By Lucy Robinson
Department of History, University of Sussex
Anarchist Studies Journal 18.1, 2010
One of Britain’s few home-grown terrorist groups, the Angry Brigade, found innovative ways of embarrassing the Heath government for the year following August 1970. The Brigade were the impetus behind the establishment of the Bomb squad, and the centre of a conspiracy trial that was of record length; and the case fuelled a public belief in police corruption, and the role of personal vendetta in prosecution and investigation. Always diverse in its engagement, the Brigade’s claimed successes included attacks on the boutique Biba and the BBC outside-broadcast van at London’s Miss World competition. This DVD of a documentary from 1973 was therefore broadcast on a channel that had earlier been targeted by the Brigade.
The release of the documentary on DVD is timely. In a post-9/11 world, Europe and America are re-evaluating their own past flirtations with terror. The Angry Brigade documentary, made in 1973, makes explicit the links between past state violence and contemporary acts of terrorism. It also fits well with the current growing interest in the 1970s. Historians are currently turning towards the 1970s as a period in its own right rather than as an addendum to ‘the sixties’, so discussions of the Angry Brigade can act as a counterweight to previous nostalgic celebrations of popular culture, wide surveys of the ‘long sixties’1or the recent revisionist return to top-down histories of Dominic Sandbrook.
If we want to know about the impact of the Angry Brigade and the conspiracy trials, the aftermath is a useful place to start. For those involved, and those accused, the real politicisation occurred through the experiences of being identified, investigated, prosecuted and incarcerated. The conspiracy charges became self-fulfilling, as the networks around the court cases built up lines of support and defence and hardened political positions. When Angie Weir and Kate Maclean were interviewed in Time Out shortly after being found not guilty, they made it clear that their experiences of the trial had encouraged them to move towards a Marxist analysis.3John Barker was sentenced to ten years in prison, and his account of his time inside shows how his experiences in prison solidified what had previously been an abstracted class-based analysis.
Furthermore, through the inclusion on the DVD of Persons Unknown,
a short documentary about the prosecution of sections of the
anarcho-punk scene in 1980s Britain, the Angry Brigade are no longer
placed at the end zone of a long sixties, proof that the dove of peace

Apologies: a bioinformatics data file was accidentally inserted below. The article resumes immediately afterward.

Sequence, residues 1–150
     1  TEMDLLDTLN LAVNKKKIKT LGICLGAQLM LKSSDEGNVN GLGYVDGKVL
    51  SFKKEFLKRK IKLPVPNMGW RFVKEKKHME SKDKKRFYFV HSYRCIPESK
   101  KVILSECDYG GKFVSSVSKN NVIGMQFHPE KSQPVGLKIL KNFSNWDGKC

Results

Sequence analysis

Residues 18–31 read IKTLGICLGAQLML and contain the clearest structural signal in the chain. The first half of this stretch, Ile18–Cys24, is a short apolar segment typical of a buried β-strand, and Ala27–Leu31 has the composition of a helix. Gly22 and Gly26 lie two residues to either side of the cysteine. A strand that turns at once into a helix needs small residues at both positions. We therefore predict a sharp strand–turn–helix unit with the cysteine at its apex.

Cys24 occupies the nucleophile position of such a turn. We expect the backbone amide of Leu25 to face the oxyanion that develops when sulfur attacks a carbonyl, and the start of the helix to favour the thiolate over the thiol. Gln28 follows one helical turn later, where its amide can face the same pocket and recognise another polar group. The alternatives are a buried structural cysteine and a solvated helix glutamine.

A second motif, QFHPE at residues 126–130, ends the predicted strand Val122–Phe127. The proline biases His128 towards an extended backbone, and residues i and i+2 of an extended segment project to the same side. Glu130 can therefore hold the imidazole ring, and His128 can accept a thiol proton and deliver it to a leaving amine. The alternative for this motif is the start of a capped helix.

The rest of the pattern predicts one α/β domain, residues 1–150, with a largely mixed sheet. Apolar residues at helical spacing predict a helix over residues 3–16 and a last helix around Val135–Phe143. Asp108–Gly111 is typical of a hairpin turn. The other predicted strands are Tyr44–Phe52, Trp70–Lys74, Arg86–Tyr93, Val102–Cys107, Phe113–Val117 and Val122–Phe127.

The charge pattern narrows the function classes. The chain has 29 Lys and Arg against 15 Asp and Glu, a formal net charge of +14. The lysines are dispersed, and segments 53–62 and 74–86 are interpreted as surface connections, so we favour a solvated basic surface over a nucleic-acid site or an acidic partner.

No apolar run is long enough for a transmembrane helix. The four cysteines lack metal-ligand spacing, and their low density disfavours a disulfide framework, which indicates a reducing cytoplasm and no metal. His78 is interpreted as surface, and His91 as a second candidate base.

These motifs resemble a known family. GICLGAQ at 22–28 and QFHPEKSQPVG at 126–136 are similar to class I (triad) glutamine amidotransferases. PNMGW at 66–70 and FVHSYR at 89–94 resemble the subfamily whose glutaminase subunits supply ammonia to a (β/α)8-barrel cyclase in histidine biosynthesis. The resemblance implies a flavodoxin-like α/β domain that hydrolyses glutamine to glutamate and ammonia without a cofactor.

and peacock of counter-cultural performance are inevitably turned
towards the black hawk. Instead, the Angry Brigade, and with it the
1970s, are presented as historically significant in and of themselves,
with legacies and hangovers of their own. The legal threat represented
by conspiracy charges continued, as did the Angry Brigade’s style of
Situationist and anarchist influenced resistance. Persons Unknown shows
us how both the charges, and the resistance, were translated through
punk rock, by bringing together rare footage of Crass, cut against
interviews with the Angry Brigade’s Stuart Christie on his island
As a documentary Angry Brigade is very much a product of its time, more Blue Peter than Boy Scouts guide to Situationism. What this DVD does, however, is show us documentary norms and aesthetics within their historical context – it provides a study in producing a politically engaged documentary from within, raising a key issue from the trial. The accused, largely connected through their involvement in the underground or counter-cultural press, were confronted with press silence, or bias, during the trial. And the controversy around the trial also focused on a central issue shared by documentary theorists –what constitutes a document (or evidence)?
In parts The Angry Brigade was a re-educational project, providing accessible explanations of communal living and collectivised childcare, or the difference between communism and grassroots direct action. The section that uses the trial to summarise Debord’s Society of the Spectacleturns the critique back on the documentary producers themselves. However, much of this is not new to today’s viewer, largely because the style and content have been picked up in other forms since.
The same images are used in the existing books on the Brigade–for example The Guardian cartoon of the Stoke Newington 8–as are the same photos of protagonists (some of the photos of the defendants had reproduction royalties held by the accused –so reporting the trials unwittingly supported the defence team). There are already two sets of documents, chronology and commentary on the Brigade
available in printed form: Jean Weir’s 1978 pamphlet Angry Brigade, 1967-84: Documents and Chronology is still regularly reprinted, as is Tom Vague’s contribution to English Psychogeography, Anarchy in the UK: The Angry Brigade. This isn’t a criticism based on repetition;actually it seems wholly appropriate. These shared images, symbols and aesthetics, in their shared cut-and-paste style, exemplified British Situationism’s ‘look at the cracks’ approach to narrative.